A survey promoted by the Centre for Budget and Policy Studies, in July 2020, of 3,176 households of Assam, Bihar, Uttar Pradesh, Telangana and Delhi, found that in families which faced cash and food shortages, only 50% of the boys and girls were confident of returning to school. The abilities of the families and communities concerned to support the educational journeys of the children have been found to be affected.
One should remember that attending schools is not about learning alone. The long closure of schools has also meant the disruption of a range of activities such as the mid-day meal scheme, the school health programme and pre-metric scholarships to girl children. These activities in the past have had a lot to do with the enrolment as well as regular attendance. As for the digital initiative, it was taken up in a haphazard manner. Many States lacked adequate digital infrastructure and even teachers were poorly equipped to teach. Also, they were not consulted before the initiative. Now, the biggest complaint of the authorities concerned seems to be that teachers have been drawing their salaries doing precious little.
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The case of Rajasthan
In States such as Rajasthan, the education of girl children is still a challenge. The State is positioned precariously — the second worst in overall literacy rates in India and the lowest literacy rate among the females (NSS,2017-18); 20% of girls in the age group 15-16 were out of school against the national average of 13.5 (Annual Status of Education Report 2018). Despite pioneering initiatives in education such as the Lok Jumbish and Shiksha Karmi projects, Rajasthan continues to flounder in systemic issues of education that relate to quality, equity and gender.
A study by the Institute of Development Studies, Jaipur and Development Solutions, Delhi in September-October, found that most girls in Rajasthan (between 13-16 years) were keen to return to school. That as many as 97% of them in the districts surveyed — Tonk, Dausa, Karauli and Udaipur — had been enrolled in schools before the COVID-19 lockdown itself was a positive finding.
However, the much touted online education plan of the State government did not work. In Rajasthan, the access of girls to education during the COVID-19 period was limited to 11%. Girls who had online access reported links through WhatsApp (92%) and YouTube (12%). The reasons for the inability of students to access online education were: lack of devices, poor or no Internet connectivity, and also girls’ preoccupation with household activity.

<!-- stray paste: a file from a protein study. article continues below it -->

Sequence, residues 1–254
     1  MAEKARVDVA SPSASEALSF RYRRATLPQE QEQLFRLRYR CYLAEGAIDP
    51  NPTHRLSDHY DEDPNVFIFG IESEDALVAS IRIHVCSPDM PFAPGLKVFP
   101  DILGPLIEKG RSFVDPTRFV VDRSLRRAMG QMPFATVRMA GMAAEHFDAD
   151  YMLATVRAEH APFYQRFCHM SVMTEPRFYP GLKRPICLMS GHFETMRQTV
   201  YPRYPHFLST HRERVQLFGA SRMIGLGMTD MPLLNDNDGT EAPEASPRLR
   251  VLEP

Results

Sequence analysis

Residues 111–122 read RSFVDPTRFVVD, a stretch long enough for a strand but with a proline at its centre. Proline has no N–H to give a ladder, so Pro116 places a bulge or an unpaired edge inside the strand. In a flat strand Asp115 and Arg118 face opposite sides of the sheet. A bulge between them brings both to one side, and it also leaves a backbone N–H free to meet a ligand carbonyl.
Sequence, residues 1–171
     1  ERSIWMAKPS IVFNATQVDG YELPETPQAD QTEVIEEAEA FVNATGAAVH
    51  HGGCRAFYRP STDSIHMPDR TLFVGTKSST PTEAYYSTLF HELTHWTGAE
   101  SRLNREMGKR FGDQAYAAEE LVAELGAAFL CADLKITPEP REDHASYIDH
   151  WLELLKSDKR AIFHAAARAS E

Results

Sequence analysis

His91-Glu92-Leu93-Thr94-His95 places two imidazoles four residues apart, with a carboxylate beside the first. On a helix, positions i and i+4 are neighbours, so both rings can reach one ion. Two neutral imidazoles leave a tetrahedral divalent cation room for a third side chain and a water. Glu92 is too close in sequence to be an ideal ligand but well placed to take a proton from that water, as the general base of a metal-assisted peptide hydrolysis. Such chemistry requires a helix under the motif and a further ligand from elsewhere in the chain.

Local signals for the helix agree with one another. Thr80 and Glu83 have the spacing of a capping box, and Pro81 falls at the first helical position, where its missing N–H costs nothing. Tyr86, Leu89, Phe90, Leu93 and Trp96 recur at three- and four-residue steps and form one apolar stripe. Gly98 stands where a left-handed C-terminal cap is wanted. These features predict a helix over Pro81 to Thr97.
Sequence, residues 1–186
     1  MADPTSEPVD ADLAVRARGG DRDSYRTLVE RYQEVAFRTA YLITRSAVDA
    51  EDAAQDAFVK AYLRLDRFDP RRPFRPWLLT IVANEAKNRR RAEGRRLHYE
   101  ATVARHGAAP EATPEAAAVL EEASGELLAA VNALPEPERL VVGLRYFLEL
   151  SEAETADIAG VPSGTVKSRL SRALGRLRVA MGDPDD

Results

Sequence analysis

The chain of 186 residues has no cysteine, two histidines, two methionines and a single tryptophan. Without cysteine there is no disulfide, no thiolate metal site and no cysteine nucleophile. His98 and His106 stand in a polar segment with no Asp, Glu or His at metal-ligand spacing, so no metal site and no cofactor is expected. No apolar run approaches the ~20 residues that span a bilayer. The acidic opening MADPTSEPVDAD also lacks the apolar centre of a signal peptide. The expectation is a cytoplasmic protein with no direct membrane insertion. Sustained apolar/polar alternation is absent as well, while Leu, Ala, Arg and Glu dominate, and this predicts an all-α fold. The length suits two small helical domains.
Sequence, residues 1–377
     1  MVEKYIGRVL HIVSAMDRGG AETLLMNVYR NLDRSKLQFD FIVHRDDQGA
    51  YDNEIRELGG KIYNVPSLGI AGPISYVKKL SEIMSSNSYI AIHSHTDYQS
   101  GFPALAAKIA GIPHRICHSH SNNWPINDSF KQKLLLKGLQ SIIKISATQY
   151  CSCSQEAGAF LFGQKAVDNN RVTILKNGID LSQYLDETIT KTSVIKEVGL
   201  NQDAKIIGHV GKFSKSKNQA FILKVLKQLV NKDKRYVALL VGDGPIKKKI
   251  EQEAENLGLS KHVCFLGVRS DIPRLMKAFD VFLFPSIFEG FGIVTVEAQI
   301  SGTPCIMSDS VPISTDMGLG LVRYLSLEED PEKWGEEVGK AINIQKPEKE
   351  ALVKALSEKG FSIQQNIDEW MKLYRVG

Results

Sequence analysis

NGO activities as a contrast
Interestingly, schools run by the non-governmental organisation sector did fairly well during the interregnum. Catering mostly to the poor and backward segments, these schools did not go online. Instead, teachers visited individual students at home. They also taught children in small groups.
There seems to be consensus that online classes are not comparable to actual classroom education. The attempts at digital learning have only exposed the wide digital divide between the rich and the poor and the urban and rural areas. Education planning has to be context specific, gender responsive and inclusive. Enabling measures should include access to online education, removal of barriers in pre-metric scholarships and ensuring the provision of mid-day meals, iron and folic acid tablets and provision of personal hygiene products to girl students even when schools are closed.
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Once schools reopen finally, the authorities should establish the re-enrolment of children as mandated by the National Education Policy 2020. Mass outreach programmes should be developed with civil society to encourage re-enrolment. Remedial tuitions and counselling are advisable, along with scholarships, targeted cash transfers and other entitlements to retain the poorest at school. It is also apt to consider making secondary education for girls free. Given the seriousness of the situation, one expects the governments to keep the budgetary share of education to 6% of GDP, as emphasised by the President of India.
Sunny Sebastian is Former Vice-Chancellor, Haridev Joshi University of Journalism and Mass Communication, Jaipur, Rajasthan